#1
How do I tell a single 8/4 bar from two 4/4 bars when hearing it?

Also, is there any song with an entire section of 8/4 bars?
Last edited by Dynamight at Nov 17, 2014,
#3
Time signatures aren't really facts. (Of course it's clear if the bar has 3 or 2 or 5 or whatever beats in it but the differences between time signatures like 3/4 and 3/8 are subtle.) Sometimes the composer decides to write in 4/2 time signature instead of 4/4. They may sound the same to the listener's ears but it makes the musician think a bit differently. They are pretty much just performance guides.

Same with 3/8 vs 3/4. You can't really hear a difference between them (or maybe somebody could, I don't know).

I have never seen 8/4 time signature. 4/2 is sometimes used. But to the listener it pretty much sounds the same as 4/4. They can't know if the beats are half notes or quarter notes or 8th notes or whatever.
#4
Generally it's to do with the phrasing. With the 3/4 vs 3/8, 4 is being played in a simple time signature. 8 is a compound time signature (it almost sounds like triplets... But is definitely not). 8/4 would be 8 notes of quarters which is hard to write for. That's why it would be 4/4. Easier to write an entire song in 4/4 if it's going to sound the same.
#5
If there's any difference it's the phrasing. A time signature is nothing more than a shape or format that helps understand what the composer was doing. In the end it doesn't matter if it's 3/8, 5/4 or 23/16. As long as the song is played the way it's meant to be played it doesn't really matter.
#6
Quote by azrael667
If there's any difference it's the phrasing. A time signature is nothing more than a shape or format that helps understand what the composer was doing. In the end it doesn't matter if it's 3/8, 5/4 or 23/16. As long as the song is played the way it's meant to be played it doesn't really matter.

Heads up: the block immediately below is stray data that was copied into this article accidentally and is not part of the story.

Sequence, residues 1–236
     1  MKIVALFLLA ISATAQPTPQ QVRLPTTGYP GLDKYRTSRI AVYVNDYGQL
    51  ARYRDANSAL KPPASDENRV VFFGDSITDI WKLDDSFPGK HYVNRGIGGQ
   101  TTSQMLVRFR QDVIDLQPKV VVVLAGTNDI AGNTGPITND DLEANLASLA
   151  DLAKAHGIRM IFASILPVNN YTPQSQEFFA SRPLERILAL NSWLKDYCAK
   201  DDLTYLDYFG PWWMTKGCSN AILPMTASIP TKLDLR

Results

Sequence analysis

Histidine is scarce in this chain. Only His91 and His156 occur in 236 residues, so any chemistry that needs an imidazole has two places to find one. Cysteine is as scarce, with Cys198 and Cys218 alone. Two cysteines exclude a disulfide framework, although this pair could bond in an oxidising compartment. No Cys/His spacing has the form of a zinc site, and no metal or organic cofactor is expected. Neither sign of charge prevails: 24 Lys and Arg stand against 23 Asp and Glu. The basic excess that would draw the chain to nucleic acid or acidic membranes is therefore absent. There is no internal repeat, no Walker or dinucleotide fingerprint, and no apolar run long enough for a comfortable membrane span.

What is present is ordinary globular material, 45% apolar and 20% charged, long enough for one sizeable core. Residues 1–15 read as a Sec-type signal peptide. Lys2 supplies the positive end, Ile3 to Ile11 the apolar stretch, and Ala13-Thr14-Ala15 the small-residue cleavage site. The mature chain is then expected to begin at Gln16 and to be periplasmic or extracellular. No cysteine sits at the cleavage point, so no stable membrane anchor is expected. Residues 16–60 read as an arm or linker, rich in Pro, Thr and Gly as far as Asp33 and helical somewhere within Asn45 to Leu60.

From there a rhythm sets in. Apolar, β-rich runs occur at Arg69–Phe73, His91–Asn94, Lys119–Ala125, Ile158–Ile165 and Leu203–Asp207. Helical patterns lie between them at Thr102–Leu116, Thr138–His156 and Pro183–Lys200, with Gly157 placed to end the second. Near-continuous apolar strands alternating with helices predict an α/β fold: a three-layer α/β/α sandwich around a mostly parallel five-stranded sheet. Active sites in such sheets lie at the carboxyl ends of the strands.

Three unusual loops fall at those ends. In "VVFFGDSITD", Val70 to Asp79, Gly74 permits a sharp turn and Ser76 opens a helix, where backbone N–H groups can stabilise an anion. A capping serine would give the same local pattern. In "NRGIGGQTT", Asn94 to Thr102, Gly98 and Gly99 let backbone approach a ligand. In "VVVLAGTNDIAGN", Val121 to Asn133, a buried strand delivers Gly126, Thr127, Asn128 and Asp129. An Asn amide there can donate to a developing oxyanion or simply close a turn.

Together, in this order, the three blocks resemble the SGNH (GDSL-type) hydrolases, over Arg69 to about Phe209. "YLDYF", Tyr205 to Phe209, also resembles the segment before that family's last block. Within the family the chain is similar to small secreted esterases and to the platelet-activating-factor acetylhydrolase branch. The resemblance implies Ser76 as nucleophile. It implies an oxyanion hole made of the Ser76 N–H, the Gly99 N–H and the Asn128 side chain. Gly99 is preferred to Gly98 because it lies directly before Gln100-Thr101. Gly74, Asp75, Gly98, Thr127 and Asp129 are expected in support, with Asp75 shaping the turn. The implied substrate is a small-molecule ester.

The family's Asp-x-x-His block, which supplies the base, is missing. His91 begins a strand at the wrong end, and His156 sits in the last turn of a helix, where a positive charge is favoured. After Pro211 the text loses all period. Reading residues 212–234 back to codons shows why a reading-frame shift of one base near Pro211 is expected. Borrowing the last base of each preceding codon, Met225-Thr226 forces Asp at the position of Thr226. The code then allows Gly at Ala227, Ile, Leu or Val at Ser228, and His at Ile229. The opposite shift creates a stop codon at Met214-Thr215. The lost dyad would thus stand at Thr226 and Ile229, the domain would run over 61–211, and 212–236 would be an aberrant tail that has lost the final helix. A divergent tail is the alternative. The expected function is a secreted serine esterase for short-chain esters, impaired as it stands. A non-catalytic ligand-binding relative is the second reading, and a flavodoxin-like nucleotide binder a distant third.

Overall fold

Yeah. As I said in my post, time signature is not a fact. It's something people have come up with to explain music.

Also about the differences between 3/8 and 3/4... I don't know.

This is in 3/8:
https://www.youtube.com/watch?v=xhkoUQ7HdIQ

If I didn't know it was written in 3/8, I would say it's in 3/4.

Same with this:

https://www.youtube.com/watch?v=IT8JmxmTs1s
Last edited by MaggaraMarine at Nov 17, 2014,
#7
Thanks for the replies (except the useless first one). As I understand, you can't actually hear the difference, but it's up to the intention of the artist.

However, I'm a bit confused by your likening of 4/4 8/4 to 3/4 3/8, since 3/8 changes the beat value, while 4/4 and 8/4 have the same one. To me it makes more sense to compare it to 3/4 and 6/4.

To put my question differently though. If the phrasing goes something like this: 1-2-3-4-5-1-2-3-1-2-3-4-5-1-2-3 (the beat being a 1/4 note) which of the following is more appropriate?
1. 8/4 8/4
2. 4/4 4/4 4/4 4/4
3. 5/4 3/4 5/4 3/4
#8
The first post wasn't useless it was your answer. 8/4 is pretty much theoretical. Like there's no real reason to ever use it and nobody ever does.

As for your second question, alternating 5/4 and 3/4.
#9
Quote by Dynamight


To put my question differently though. If the phrasing goes something like this: 1-2-3-4-5-1-2-3-1-2-3-4-5-1-2-3 (the beat being a 1/4 note) which of the following is more appropriate?
1. 8/4 8/4
2. 4/4 4/4 4/4 4/4
3. 5/4 3/4 5/4 3/4